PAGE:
It is also important to remember that in passing Amendment 64, voters directed lawmakers and other state officials to regulate marijuana the same way they regulate alcohol -- which means stiff penalties for those who contribute to the delinquency of a minor by illegitimately procuring the stuff for people under 21. I strongly support imposing penalties -- draconian penalties -- on those who buy marijuana or alcohol for people who aren't old enough to buy or possess them. And that goes for anyone who buy for someone under 21, whether the buyer is a friend, relative, or even a parent.
Critics of decriminalization are also quick to cite statistics suggesting that alcohol use has declined in recent years -- particularly among high-school students -- while marijuana use has remained steady or increased. This, they claim, is more "evidence" of the damage caused by Colorado's yet-to-be-implemented legalization measure.
But I see it differently. I believe such statistics provide a powerful argument for why regulation, and not prohibition, can help us curb youth access to intoxicating substances -- as it has with alcohol.
Think about it. Marijuana dealers don't ask their customers for ID to make sure they are 21 the way liquor store owners do. Consequently, marijuana's black-market status makes it much easier for many minors to purchase than alcohol. Don't believe me? Ask a teenager.
By putting marijuana under the same kind of state-managed, regulatory system now in place for alcohol, we will be in a position to move the marijuana trade out of the hands of street gangs and organized crime syndicates, and in to a regulated business sector -- one where proprietors have every incentive to follow the law, or risk losing their license and livelihood if they are caught selling to a minor.
If that evolution sounds familiar, it should. It is exactly the approach America followed in the last century when we decided to toss the failed policy of alcohol prohibition into the dustbin of history -- moving the alcohol trade off of the balance sheets of thugs like Al Capone, and on to the balance sheets of businesspeople with familiar last names like Coors and Busch.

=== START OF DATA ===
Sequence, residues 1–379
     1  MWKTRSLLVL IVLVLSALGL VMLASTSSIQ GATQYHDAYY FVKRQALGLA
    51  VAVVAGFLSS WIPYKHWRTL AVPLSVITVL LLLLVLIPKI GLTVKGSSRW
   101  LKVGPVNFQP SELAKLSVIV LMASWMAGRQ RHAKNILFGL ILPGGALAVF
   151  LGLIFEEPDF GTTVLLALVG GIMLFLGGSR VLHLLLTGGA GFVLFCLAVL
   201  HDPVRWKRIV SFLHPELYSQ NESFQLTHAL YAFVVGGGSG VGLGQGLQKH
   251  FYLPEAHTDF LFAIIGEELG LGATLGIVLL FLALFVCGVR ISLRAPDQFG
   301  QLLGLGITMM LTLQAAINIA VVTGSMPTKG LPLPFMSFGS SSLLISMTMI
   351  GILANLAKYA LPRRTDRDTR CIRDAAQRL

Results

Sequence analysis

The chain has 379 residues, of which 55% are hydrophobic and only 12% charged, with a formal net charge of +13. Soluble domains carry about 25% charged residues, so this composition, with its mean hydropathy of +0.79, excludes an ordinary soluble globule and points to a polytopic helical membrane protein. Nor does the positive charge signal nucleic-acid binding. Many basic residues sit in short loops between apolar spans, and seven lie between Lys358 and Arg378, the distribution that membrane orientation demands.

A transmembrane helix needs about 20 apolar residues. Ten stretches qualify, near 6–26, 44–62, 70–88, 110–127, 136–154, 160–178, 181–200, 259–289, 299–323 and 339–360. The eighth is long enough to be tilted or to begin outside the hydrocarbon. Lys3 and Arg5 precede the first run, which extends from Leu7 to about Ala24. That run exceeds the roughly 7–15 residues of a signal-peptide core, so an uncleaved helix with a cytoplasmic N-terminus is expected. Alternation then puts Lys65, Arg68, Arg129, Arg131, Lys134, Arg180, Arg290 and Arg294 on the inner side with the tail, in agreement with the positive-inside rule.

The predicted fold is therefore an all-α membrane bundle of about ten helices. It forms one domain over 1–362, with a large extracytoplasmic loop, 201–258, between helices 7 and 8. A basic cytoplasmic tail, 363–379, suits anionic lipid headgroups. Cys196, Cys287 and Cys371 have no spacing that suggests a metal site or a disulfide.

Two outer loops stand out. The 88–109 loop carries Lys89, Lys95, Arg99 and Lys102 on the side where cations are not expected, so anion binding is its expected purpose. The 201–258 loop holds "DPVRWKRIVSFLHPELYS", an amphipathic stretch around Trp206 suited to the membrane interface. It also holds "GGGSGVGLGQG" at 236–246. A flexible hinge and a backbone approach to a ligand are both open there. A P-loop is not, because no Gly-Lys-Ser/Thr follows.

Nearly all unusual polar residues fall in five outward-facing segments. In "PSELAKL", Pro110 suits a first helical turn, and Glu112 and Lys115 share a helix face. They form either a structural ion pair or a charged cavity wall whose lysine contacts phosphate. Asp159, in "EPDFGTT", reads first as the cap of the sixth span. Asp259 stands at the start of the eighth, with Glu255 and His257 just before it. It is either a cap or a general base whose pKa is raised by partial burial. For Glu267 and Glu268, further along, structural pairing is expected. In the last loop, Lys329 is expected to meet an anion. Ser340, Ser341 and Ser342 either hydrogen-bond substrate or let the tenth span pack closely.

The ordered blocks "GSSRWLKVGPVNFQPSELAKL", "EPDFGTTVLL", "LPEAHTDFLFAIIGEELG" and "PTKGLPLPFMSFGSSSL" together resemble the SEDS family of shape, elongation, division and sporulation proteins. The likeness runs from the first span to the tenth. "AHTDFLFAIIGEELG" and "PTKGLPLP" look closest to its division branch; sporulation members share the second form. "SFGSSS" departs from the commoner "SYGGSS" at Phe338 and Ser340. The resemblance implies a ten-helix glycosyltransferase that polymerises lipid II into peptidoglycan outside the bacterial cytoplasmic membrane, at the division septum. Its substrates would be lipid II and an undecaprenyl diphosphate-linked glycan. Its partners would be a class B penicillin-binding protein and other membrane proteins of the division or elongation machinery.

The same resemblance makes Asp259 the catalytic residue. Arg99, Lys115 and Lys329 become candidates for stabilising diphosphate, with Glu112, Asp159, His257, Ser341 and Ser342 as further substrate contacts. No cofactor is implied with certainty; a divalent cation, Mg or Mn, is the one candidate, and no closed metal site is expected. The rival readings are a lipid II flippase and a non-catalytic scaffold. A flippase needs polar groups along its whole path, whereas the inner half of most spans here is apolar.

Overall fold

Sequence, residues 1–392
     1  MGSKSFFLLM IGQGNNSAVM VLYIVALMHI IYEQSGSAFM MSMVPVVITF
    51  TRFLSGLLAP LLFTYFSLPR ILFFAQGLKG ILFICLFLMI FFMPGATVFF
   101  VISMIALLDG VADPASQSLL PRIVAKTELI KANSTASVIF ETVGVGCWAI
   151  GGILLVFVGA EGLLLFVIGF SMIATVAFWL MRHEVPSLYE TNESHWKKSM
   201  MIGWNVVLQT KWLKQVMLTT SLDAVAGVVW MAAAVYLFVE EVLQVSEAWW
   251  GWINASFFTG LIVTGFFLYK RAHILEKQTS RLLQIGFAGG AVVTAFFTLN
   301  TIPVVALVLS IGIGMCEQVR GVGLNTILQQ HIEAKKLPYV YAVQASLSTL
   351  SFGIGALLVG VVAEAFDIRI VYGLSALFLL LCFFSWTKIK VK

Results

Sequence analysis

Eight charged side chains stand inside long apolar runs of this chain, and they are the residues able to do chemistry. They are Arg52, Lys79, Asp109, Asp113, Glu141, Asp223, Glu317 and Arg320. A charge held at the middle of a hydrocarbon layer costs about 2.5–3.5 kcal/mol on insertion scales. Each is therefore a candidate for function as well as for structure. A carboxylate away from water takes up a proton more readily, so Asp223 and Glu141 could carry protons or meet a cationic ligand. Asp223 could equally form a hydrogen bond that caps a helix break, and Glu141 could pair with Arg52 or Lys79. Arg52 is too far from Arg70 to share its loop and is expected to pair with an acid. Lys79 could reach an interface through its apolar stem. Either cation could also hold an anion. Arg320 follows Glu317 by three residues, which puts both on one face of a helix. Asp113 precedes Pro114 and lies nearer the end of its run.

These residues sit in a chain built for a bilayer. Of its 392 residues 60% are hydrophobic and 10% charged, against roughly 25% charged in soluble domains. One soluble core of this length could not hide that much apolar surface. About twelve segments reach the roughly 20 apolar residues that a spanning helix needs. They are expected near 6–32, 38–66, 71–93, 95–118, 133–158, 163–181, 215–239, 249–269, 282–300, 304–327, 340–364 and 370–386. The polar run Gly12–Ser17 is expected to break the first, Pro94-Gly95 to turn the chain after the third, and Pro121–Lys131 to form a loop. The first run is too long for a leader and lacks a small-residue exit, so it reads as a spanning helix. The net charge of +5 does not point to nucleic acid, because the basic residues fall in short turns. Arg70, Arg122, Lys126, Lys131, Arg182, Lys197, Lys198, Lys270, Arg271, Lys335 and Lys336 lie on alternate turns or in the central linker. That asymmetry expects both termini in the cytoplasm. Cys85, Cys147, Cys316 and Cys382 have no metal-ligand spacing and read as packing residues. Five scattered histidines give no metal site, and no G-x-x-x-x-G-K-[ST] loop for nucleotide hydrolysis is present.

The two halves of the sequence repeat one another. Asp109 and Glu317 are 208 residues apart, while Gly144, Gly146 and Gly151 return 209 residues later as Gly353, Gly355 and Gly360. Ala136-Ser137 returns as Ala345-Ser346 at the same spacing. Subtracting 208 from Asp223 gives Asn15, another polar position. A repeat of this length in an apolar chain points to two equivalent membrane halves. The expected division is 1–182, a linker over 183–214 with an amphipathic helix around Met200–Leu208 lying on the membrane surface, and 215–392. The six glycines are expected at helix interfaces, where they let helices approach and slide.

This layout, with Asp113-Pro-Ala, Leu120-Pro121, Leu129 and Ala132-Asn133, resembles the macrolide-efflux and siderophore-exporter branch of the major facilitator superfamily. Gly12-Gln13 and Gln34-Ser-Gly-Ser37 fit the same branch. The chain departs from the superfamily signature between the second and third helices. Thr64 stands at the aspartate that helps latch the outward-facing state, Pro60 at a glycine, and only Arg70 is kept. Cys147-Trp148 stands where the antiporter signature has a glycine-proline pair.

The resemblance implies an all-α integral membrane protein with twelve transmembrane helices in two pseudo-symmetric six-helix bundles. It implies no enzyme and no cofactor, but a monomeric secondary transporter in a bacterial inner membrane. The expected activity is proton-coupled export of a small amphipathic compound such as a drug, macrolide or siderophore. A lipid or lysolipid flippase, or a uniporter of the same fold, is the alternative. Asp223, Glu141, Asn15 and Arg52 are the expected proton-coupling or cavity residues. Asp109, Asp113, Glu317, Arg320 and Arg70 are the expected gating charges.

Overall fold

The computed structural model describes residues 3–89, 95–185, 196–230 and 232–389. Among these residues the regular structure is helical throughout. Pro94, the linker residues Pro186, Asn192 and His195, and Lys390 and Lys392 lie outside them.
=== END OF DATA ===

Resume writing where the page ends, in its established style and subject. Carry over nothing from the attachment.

Will Colorado's experiment with regulating marijuana be a panacea? Of course not.
Will legalization singlehandedly solve our national struggle with those persistent demons of substance abuse that torment so many families? Certainly not.
Will imposing a regulated licensing framework help us restrict youth access to marijuana, more effectively punish those irresponsible adults who facilitate that access, and reduce the scourge of violence associated with the drug trade? I believe it will.
For decades, government has spent astronomical sums of money and employed countless enforcement personnel at all levels in pursuit of a policy of marijuana prohibition. And by every measure, that policy -- like its cousin alcohol prohibition -- has failed, and failed miserably.
Instead of ratcheting up the hyperbole and attempting to whip up a modern-day version of the hilariously inaccurate "Reefer Madness" campaign of the 1930s, critics of Amendment 64 should respect the will of the people, and reserve their judgment until policymakers and regulators have been given an opportunity to chart the new approach that voters demanded last November. -- Tom Tancredo
Here's a Reefer Madness clip Tancredo supplied: